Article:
For instance, immediate feedback ought to deliver learning. So they looked at which courses give immediate feedback.
But it would be even better if somone looked at which learners actually learned. You took the course now build xyz. Or pass a test or something.
There might be a difference in the sorts of “immediate feedback” that are effective. It’s an indirect proxy of what you are after.
Unfortunately, as others have noted, doing this is intractably hard. We've reached out to dozens of coding tutorial companies, but none want to share their visitors' contact information (understandably). We've tried contacting students on our campus and others to find people who've used tutorials, but few have. If you have ideas about how to contact tutorial users, please share!
The even harder problem is measuring learning. There are essentially no reliable, valid measures of any knowledge of programming (exams in courses are mostly unreliable, invalid measures). It's something we're working on in my lab, but it will take years, as it has in math and physics education.
University of Washington
I suspected it was hard or else, I assume, you would have done it. But I thought it was hard because getting everyone to take a standardized test before and after the courses would be hard, not because even the contact information was not available!
Also, what do you mean exams are unreliable? Is there something you can point me to. I did not know that was the case.
That's not to say it can't be done, but is a much larger and more expensive piece of research.
I agree though that project-based learning where the student takes an active role in the creation and development of projects is crucial. If you think about it, when the student enters the real world/work force, everything they do will be focused around projects of various size.
Disclaimer: I'm working on sagefy.org
It seems to be a double-edge sword if you plan on using assessments (the only way I can think of to assess prior knowledge) to do it because people want immediate satisfaction. Unfortunately if you told people to take a 25 question pre-quiz before starting the course I am sure most would simply leave the website.
Another way to assess knowledge would be to give the learner topics of varying difficulty to select from; it's unlikely that they'd choose something so easy that it'd be boring and in case the topic is too hard, there should be an escape route to something easier.
A simple example is a user manual online, http://support.casio.com/global/en/wat/manual/5411_en/ . The topic of each section is clearly indicated and when parts of another section are mentioned a direct link is given. In this way the information is presented as the reader wants it.
The book Code Complete: A Practical Handbook of Software Construction, provides a brief description at the start of book of what a chapter contains and suggests reading orders based on what the reader is looking for. These are examples of the reader choosing order.
Examples of relevant questions is in Maths textbook Mathematical Techniques: An Introduction for the Engineering, Physical, and Mathematical Sciences 4th Edition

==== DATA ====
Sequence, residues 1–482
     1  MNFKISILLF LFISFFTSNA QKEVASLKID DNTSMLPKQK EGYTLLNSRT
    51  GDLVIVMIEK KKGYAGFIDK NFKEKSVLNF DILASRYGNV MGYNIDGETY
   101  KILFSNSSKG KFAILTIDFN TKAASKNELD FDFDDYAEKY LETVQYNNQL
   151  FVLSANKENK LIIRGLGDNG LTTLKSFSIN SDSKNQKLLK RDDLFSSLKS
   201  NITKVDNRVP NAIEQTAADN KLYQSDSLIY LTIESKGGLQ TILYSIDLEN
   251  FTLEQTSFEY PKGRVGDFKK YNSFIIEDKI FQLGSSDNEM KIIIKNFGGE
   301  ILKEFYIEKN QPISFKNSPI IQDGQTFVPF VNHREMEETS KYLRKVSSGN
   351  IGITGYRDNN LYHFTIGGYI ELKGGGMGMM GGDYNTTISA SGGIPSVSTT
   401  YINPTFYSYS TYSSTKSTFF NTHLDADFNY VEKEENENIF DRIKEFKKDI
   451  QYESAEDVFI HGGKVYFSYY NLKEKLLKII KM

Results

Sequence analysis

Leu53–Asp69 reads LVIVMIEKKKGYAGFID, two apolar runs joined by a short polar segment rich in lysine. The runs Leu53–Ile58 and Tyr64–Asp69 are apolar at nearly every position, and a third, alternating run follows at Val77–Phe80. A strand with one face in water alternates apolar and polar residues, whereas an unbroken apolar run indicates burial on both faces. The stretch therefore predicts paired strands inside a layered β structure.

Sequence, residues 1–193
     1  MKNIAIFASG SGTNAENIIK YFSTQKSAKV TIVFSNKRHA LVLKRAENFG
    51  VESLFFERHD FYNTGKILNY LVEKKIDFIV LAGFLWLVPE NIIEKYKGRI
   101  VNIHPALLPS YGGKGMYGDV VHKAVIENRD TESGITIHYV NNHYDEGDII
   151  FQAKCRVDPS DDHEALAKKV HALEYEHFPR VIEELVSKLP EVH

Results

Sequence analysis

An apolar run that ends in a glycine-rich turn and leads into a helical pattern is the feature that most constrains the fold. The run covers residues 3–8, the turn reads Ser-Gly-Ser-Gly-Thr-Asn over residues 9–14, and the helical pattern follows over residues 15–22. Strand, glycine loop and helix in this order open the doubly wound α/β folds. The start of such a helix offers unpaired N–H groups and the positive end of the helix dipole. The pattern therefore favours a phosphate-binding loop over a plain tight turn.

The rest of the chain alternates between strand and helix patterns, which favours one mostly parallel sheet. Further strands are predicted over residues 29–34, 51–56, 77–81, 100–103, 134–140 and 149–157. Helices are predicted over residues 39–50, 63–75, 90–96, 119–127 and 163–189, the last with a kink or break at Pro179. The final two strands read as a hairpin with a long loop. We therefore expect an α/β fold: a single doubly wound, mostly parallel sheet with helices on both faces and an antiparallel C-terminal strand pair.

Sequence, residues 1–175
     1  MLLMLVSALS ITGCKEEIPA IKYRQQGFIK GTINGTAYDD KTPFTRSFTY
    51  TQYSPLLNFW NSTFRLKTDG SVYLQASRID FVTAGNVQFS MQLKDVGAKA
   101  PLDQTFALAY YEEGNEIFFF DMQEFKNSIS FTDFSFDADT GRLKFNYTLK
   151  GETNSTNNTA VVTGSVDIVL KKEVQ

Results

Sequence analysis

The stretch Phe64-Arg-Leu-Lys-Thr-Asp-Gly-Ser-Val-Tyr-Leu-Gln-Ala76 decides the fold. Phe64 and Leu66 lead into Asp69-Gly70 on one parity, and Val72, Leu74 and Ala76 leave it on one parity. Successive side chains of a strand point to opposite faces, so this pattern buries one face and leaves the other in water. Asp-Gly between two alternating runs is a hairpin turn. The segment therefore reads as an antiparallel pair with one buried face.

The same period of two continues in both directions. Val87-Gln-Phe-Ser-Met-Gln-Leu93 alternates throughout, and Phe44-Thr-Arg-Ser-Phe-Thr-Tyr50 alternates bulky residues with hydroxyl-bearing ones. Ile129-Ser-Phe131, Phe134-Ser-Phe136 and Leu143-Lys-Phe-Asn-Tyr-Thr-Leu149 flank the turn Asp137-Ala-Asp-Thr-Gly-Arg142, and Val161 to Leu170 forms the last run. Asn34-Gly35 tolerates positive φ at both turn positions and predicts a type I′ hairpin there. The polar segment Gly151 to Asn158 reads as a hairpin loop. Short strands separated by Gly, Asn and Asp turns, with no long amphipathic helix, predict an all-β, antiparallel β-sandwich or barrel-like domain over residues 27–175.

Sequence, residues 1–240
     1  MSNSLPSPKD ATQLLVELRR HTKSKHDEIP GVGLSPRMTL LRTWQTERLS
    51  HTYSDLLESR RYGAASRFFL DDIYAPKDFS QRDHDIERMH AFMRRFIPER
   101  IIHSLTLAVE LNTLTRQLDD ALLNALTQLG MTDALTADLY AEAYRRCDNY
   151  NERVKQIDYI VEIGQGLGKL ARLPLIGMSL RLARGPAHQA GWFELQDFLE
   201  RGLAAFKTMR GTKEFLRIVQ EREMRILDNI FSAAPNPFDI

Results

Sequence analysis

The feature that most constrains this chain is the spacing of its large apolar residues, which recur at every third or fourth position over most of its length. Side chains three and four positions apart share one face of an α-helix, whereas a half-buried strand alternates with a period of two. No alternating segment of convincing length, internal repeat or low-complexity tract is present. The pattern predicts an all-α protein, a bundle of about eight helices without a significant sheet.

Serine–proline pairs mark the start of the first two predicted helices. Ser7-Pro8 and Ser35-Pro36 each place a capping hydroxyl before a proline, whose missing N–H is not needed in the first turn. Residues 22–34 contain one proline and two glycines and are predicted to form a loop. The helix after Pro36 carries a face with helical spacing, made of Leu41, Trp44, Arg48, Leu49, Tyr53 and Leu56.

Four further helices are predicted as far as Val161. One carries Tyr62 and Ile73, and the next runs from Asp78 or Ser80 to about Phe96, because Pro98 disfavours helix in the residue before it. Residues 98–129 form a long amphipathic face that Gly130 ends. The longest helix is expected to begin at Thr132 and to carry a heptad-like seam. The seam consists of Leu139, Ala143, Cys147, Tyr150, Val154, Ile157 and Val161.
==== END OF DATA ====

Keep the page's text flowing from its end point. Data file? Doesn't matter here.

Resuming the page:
, where sections contained check your understanding boxes. In these boxes a problem relaying on the information in the section was given followed by a full worked out solution. The sections ended with more problems related to the immediate section followed by questions that involved knowledge from pervious chapters. In the way same code examples could be presented and at the end of chapters a build your own program challenge.
I've always been a huge proponent of example-based learning, and less about theory and generalized concepts.
Still, though, I think the online tech ed space has a lot of growing up to do. In time, we'll all wise up to provide better experiences for learning. Until then, for the most part, we're stuck with:
1. Google: "How to do X in Y"
2. Watch 3 different videos or read 3 different articles
3. Apply it.
4. Run into a snag.
5. Google / Stackoverflow
Too many new learners are stuck unable to make the leap out of the browser based IDE and into running their own code locally on a machine or on a server.
Learning multiple languages (of different paradigms) led me to implement code in one language to one in another. Even though the first set may have been heavily based on some tutorial, when translating my own code, I had to be able to reason about it, break it apart, and re-compose it.
This line of thought helped make me more capable of talking about and thinking through my code as an idea, where the implementation was just an exercise.
If anyone else is teaching themselves, I would advise the following:
+ Learn a high-level OOP language
+ Learn a high-level functional language
+ Translate programs between the two, focusing on really working with the respective paradigm.
+ Move on to something lower level. Many people will say go with C to learn manual memory management. I found Rust interesting, if not difficult at first. Up to you, just seek lower-level understanding.
+ Learn an assembler, fake or real. Shenzhen I/O and Human Resource Machine are good introductions to this.
+ Build skills in your languages through katas. Learn to think and write in a language with minimal reference. This is simple, persistent, repetitive practice.
+ Read about a discrete math you find interesting. You will likely not be as strong at math as educated people. Discrete maths can help at least give you some good flair.
+ Seek constant review from peers.
+ Don't always agree with peers. Find ways to defend your viewpoint. Good arguments- not "Java sucks." Be able to say why you have the right idea.
+ Learn simple circuits. They help you think atomically. There are even sites that have virtual breadboards so that you can experiment and learn for free.
Recipes can work, but they are just the first step. Learning how to "remix" a recipe and make it your own is the next. It's a long journey, for sure. I would agree that online resources that are the most visible are generally very entry-level and hand-holdy. I would also add that there is a vast amount of deep knowledge freely available for those wishing to go further.
Loksa, D., Ko, A. J., Jernigan, W., Oleson, A., Mendez, C. J., & Burnett, M. M. (2016, May). Programming, problem solving, and self-awareness: effects of explicit guidance. In Proceedings of the 2016 CHI Conference on Human Factors in Computing Systems (pp. 1449-1461). ACM.
I think self-sufficiency should include building a local environment you can work work in without having to rely on some SAAS / Cloud service based IDE.